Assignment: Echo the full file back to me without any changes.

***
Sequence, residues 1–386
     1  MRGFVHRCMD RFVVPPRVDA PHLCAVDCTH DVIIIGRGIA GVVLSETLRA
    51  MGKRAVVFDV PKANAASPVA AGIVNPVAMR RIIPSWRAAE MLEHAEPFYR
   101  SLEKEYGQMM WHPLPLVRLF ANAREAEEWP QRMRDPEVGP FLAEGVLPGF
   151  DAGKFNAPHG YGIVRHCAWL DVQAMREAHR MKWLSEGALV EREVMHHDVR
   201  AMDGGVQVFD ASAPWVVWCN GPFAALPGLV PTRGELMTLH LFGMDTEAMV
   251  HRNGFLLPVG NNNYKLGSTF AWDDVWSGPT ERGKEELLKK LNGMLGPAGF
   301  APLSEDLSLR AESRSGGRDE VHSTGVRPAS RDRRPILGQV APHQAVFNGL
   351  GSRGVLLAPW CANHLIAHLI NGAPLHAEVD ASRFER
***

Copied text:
Sequence, residues 1–386
     1  MRGFVHRCMD RFVVPPRVDA PHLCAVDCTH DVIIIGRGIA GVVLSETLRA
    51  MGKRAVVFDV PKANAASPVA AGIVNPVAMR RIIPSWRAAE MLEHAEPFYR
   101  SLEKEYGQMM WHPLPLVRLF ANAREAEEWP QRMRDPEVGP FLAEGVLPGF
   151  DAGKFNAPHG YGIVRHCAWL DVQAMREAHR MKWLSEGALV EREVMHHDVR
   201  AMDGGVQVFD ASAPWVVWCN GPFAALPGLV PTRGELMTLH LFGMDTEAMV
   251  HRNGFLLPVG NNNYKLGSTF AWDDVWSGPT ERGKEELLKK LNGMLGPAGF
   301  APLSEDLSLR AESRSGGRDE VHSTGVRPAS RDRRPILGQV APHQAVFNGL
   351  GSRGVLLAPW CANHLIAHLI NGAPLHAEVD ASRFER